But the primary strength, in the context of my problem, is that meditative writing cannot be ideological. Or, perhaps more to the point, meditative writing--at its best--is non-judgmental. It forces the question of complicity, or mirroring. "A hundred times a day, when laughing at our neighbours, we are laughing at ourselves," Montaigne notes. Or, as Tacitus taught him: "All general judgements are weak and imperfect." For Montaigne and other writers in this tradition, the incident is more significant than any rule according to which the incident occurred. Detail is more valuable than the law. "We are all wind. . . It does not desire stability or solidity, qualities that do not belong to it."  Or, as Kathleen Stewart writes in Ordinary Affects: "The closure of 'the self' or 'community' or some kind of 'meaning' is something dreamy that happens in a moment of hope or hindsight. But it's not just ideology or irrelevant fancy, but rather an actual fold or texture in the composition of things."


Even "self" is an ideology: "It's a dream, hovering, not-quite-there thing." But if the self is evanescent, then how can we connect it to other selves in community? Stewart does this by moving her meditation from self to others; she even calls herself "she," rather than "I." Mostly letting drop the vocabulary she uses as a scholar, she writes vignettes about ordinary persons' lives. She doesn't write much about people in her own socio-economic class (academics) but about less well-educated and -heeled people in West Virginia, Texas, Nevada, like the man she goes to a diner with who confesses that he doesn't know what a "D" looks like (and wants to marry her). There are a lot of trailer park stories here, and over-heard diner conversations, and travel narratives gone bad. There is a lot of suffering here, even when ironies are registered. Many of these ironies have to do with Stewart's position as participant-observer: "The 'we' incites participation and takes on a life of its own, even reflecting its own presence." The reflection isn't always pretty.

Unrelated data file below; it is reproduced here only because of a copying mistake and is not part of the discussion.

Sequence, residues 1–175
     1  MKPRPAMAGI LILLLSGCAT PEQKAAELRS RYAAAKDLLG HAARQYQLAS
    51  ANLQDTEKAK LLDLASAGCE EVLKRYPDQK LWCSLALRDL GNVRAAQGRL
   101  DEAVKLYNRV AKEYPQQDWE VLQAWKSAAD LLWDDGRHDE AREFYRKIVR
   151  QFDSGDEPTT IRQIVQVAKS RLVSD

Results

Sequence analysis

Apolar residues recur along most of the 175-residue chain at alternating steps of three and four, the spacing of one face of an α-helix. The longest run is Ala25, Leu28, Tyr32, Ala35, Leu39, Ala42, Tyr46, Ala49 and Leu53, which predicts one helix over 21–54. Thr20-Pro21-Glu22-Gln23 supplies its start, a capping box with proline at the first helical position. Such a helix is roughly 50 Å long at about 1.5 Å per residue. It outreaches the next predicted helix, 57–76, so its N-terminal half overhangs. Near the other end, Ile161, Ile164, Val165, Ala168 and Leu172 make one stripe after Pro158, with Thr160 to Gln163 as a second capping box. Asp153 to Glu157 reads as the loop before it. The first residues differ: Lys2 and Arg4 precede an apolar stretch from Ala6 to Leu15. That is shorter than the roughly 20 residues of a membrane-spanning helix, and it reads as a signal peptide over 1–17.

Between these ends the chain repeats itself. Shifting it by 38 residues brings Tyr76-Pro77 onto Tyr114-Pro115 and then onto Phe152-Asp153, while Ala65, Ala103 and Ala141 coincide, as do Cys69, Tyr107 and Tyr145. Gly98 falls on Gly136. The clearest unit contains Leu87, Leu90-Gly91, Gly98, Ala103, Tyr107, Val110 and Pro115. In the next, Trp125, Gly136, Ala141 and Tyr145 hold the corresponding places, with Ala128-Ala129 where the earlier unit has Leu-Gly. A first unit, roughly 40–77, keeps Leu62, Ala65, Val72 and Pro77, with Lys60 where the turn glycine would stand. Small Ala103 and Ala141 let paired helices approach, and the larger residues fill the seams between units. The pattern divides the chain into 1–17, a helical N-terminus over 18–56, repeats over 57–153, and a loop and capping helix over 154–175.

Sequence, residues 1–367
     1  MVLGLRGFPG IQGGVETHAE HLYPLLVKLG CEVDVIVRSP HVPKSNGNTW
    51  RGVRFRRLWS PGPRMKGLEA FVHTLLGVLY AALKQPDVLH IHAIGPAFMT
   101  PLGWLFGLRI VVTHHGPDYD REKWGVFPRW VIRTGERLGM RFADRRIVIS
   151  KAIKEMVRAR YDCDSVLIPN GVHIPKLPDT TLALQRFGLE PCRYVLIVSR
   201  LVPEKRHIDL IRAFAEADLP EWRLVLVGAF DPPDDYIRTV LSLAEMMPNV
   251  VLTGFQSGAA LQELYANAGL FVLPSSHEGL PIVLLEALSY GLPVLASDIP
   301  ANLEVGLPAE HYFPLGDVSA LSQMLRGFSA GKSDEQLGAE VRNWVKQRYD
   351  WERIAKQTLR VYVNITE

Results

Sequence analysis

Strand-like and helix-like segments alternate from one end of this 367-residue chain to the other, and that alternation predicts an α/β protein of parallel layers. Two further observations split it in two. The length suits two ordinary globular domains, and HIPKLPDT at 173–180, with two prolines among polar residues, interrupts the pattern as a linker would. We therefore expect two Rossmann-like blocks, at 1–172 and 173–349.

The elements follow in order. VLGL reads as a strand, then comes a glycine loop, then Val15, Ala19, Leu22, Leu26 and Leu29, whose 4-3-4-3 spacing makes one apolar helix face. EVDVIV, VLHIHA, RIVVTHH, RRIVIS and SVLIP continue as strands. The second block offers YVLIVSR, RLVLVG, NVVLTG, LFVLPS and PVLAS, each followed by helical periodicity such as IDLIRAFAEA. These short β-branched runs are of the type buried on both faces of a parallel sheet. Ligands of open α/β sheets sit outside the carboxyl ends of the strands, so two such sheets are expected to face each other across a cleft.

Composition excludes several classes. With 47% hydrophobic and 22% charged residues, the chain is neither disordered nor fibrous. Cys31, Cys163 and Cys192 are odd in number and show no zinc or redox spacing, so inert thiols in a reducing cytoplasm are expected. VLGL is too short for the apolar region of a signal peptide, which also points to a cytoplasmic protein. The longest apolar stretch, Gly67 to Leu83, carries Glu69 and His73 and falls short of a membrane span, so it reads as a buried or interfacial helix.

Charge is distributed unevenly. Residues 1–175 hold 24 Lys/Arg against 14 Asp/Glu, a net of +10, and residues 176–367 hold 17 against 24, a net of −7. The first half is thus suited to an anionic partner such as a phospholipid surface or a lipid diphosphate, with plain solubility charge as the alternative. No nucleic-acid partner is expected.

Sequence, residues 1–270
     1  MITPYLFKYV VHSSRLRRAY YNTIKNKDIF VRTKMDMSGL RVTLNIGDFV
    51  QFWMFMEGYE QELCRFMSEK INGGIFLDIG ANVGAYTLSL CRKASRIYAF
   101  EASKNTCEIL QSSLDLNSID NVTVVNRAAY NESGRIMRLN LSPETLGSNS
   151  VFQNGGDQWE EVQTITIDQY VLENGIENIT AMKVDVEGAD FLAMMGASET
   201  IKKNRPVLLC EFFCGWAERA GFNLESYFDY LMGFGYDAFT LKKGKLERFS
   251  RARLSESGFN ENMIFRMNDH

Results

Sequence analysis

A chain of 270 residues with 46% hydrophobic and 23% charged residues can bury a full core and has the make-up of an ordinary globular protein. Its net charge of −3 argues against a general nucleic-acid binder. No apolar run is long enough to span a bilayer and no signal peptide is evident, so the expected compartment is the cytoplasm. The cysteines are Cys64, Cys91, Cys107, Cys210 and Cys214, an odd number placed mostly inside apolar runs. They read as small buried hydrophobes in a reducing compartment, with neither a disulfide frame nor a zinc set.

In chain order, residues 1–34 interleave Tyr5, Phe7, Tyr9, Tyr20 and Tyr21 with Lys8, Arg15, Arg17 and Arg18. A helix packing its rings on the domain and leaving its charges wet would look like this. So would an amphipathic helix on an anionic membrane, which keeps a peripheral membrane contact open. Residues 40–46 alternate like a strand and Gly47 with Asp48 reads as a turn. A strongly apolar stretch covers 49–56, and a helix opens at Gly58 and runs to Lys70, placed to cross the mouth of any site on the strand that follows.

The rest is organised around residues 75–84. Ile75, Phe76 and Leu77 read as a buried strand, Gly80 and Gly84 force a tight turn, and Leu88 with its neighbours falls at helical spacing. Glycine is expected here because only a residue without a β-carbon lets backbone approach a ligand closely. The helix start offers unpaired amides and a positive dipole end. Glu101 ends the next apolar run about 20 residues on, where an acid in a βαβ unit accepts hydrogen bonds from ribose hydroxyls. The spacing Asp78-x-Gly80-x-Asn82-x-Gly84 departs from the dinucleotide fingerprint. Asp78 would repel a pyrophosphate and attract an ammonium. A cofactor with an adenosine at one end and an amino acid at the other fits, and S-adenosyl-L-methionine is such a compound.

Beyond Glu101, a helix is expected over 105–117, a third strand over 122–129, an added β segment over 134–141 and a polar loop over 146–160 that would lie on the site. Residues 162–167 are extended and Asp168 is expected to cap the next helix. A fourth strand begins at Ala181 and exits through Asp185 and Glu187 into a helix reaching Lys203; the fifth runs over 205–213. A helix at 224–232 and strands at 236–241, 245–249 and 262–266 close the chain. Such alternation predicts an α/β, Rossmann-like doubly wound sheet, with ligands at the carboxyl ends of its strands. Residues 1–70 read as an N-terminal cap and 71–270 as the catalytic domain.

Nor is the world she observes. It's a sad and pained world of under-employed, over-reactive, and put-upon people. It's a community, but one that is relentlessly falling apart. It's telling that one of her finest meditations on community has to do with self-wounding. She's quoting Alphonso Lingis, who describes the workers in a mine at the Arctic Circle. The first miner he sees puts out a cigarette on his own hand, which is covered with scar tissue. Then Lingis sees that other miners carry scar tissue on their hands. Lingis refers to this scarring as "'the fraternity signaled by the burning cigarettes.'" Stewart notes this sign of "collective identity" as "an extreme trajectory." And then notes a leap from the observer as solitary to something larger: "Ordinary affects highlight the question of the intimate impacts of forces in circultation. They're not exactly 'personal' but they sure can pull the subject into places it didn't exactly 'intend' to go." The "not exactly personal" involves, if not a community formed between observer and observed, then at least a moment of recognition and empathy.